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dc.contributor.authorLin, Xiaoyan
dc.contributor.authorXu, Zhili
dc.contributor.authorCarey, Lawrence
dc.contributor.authorRomero, Julián 
dc.contributor.authorMakriyannis, Alexandros
dc.contributor.authorHillard, Cecilia J.
dc.contributor.authorRuggiero, Elizabeth
dc.contributor.authorDockum, Marilyn
dc.contributor.authorHouk, George
dc.contributor.authorMackie, Ken
dc.contributor.authorAlbrecht, Phillip J.
dc.contributor.authorRice, Frank L.
dc.contributor.authorHohmann, Andrea G.
dc.date.accessioned2022-05-19T08:12:31Z
dc.date.available2022-05-19T08:12:31Z
dc.date.issued2022
dc.identifier.issn0304-3959spa
dc.identifier.urihttp://hdl.handle.net/10641/2972
dc.description.abstractCB2 cannabinoid receptors (CB2) are a promising therapeutic target that lacks unwanted side effects of CB1 activation. However, the cell types expressing CB2 that mediate these effects remain poorly understood. We used transgenic mice with CB2 promoter–driven expression of enhanced green fluorescent protein (EGFP) to study cell types that express CB2 and suppress neuropathic nociception in a mouse model of chemotherapy-induced peripheral neuropathy. Structurally distinct CB2 agonists (AM1710 and LY2828360) suppressed paclitaxel-induced mechanical and cold allodynia in CB2EGFP reporter mice with established neuropathy. Antiallodynic effects of AM1710 were blocked by SR144528, a CB2 antagonist with limited CNS penetration. Intraplantar AM1710 administration suppressed paclitaxel-induced neuropathic nociception in CB2EGFP but not CB2 knockout mice, consistent with a local site of antiallodynic action. mRNA expression levels of the anti-inflammatory cytokine interleukin-10 were elevated in the lumbar spinal cord after intraplantar AM1710 injection along with the proinflammatory cytokine tumor necrosis factor alpha and chemokine monocyte chemoattractant protein-1. CB2EGFP, but not wildtype mice, exhibited anti-GFP immunoreactivity in the spleen. However, the anti-GFP signal was below the threshold for detection in the spinal cord and brain of either vehicle-treated or paclitaxel-treated CB2EGFP mice. EGFP fluorescence was coexpressed with CB2 immunolabeling in stratified patterns among epidermal keratinocytes. EGFP fluorescence was also expressed in dendritic cells in the dermis, Langerhans cells in the epidermis, and Merkel cells. Quantification of the EGFP signal revealed that Langerhans cells were dynamically increased in the epidermis after paclitaxel treatment. Our studies implicate CB2 expressed in previously unrecognized populations of skin cells as a potential target for suppressing chemotherapy-induced neuropathic nociception.spa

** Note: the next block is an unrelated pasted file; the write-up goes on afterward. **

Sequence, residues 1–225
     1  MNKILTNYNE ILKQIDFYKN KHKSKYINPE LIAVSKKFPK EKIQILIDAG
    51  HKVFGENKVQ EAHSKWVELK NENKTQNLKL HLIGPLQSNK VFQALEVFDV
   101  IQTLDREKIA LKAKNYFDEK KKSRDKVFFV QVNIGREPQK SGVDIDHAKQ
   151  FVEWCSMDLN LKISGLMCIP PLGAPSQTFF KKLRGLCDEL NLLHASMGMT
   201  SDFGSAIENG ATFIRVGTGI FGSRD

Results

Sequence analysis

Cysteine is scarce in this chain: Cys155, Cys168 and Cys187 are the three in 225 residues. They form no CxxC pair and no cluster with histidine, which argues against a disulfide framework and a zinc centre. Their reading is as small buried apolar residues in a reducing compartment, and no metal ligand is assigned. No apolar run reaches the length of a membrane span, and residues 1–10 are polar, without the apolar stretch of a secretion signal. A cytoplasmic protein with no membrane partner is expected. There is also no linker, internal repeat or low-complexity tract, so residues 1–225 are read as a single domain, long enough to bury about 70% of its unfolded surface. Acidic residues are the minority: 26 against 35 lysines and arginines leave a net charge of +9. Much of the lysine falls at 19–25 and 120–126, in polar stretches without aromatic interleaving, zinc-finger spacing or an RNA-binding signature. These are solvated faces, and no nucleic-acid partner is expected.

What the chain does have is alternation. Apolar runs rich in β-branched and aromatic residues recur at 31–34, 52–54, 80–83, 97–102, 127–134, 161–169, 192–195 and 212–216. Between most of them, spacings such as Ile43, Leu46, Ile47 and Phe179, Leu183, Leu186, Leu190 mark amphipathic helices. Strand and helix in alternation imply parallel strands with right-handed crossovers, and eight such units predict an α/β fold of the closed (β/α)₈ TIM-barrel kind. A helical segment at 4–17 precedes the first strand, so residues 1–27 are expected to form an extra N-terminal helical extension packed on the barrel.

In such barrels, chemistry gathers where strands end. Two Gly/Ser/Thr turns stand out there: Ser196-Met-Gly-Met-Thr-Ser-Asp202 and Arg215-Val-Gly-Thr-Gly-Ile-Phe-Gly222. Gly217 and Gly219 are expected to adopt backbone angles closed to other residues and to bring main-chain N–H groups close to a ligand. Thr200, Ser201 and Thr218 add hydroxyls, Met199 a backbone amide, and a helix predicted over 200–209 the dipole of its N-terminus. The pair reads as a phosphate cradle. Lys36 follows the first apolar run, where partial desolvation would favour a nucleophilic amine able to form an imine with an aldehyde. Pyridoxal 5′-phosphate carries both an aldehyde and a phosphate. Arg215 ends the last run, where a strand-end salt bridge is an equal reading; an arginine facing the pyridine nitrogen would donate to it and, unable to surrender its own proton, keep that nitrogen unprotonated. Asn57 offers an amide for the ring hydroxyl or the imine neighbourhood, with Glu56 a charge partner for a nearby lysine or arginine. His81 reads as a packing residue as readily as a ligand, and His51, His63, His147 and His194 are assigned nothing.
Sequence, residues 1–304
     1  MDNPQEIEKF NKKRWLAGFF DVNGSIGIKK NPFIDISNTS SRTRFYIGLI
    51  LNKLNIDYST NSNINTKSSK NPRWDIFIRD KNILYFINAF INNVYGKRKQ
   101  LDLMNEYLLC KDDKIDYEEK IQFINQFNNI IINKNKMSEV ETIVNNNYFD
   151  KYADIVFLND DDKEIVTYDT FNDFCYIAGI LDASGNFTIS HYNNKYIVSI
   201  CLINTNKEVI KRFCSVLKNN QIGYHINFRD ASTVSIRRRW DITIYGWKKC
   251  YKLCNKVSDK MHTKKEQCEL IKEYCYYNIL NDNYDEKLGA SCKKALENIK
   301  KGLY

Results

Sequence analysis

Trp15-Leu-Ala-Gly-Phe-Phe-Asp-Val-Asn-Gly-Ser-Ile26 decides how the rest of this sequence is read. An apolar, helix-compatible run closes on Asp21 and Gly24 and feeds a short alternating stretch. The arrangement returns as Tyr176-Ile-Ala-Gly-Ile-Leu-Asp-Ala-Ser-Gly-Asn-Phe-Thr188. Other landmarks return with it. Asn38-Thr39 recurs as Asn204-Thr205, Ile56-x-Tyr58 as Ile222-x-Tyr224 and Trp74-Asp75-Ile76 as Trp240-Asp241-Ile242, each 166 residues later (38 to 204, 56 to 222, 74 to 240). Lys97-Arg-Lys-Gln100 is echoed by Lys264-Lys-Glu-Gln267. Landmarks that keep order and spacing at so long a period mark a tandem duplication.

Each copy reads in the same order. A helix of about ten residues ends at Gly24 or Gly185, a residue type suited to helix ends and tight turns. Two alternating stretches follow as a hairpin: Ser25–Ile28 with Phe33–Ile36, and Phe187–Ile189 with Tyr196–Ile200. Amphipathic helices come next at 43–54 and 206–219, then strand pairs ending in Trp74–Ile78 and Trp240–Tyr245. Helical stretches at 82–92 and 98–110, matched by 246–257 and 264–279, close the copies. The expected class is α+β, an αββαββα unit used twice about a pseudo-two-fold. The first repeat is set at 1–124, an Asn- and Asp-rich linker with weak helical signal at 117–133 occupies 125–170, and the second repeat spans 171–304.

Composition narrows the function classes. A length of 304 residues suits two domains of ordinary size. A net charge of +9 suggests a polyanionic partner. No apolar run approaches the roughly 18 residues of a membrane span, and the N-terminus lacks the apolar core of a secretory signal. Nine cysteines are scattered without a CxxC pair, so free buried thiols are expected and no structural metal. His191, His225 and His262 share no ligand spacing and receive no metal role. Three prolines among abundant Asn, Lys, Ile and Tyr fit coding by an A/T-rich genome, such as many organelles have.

dc.language.isoengspa
dc.publisherPainspa
dc.rightsAtribución-NoComercial-SinDerivadas 3.0 España*
dc.rights.urihttp://creativecommons.org/licenses/by-nc-nd/3.0/es/*
dc.subjectCB2 reporter mousespa
dc.subjectChemotherapy-induced peripheral neuropathyspa
dc.subjectCB2 cannabinoid receptorsspa
dc.subjectPeripheral analgesic mechanismsspa
dc.subjectKeratinocytesspa
dc.subjectLangerhans cellsspa
dc.titleA peripheral CB2 cannabinoid receptor mechanism suppresses chemotherapy-induced peripheral neuropathy evidence from a CB2 reporter mouse.spa
dc.typejournal articlespa
dc.type.hasVersionAMspa
dc.rights.accessRightsopen accessspa
dc.description.extent1720 KBspa
dc.identifier.doi10.1097/j.pain.0000000000002502spa
dc.relation.publisherversionhttps://journals.lww.com/pain/Fulltext/2022/05000/A_peripheral_CB2_cannabinoid_receptor_mechanism.7.aspxspa


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Except where otherwise noted, this item's license is described as Atribución-NoComercial-SinDerivadas 3.0 España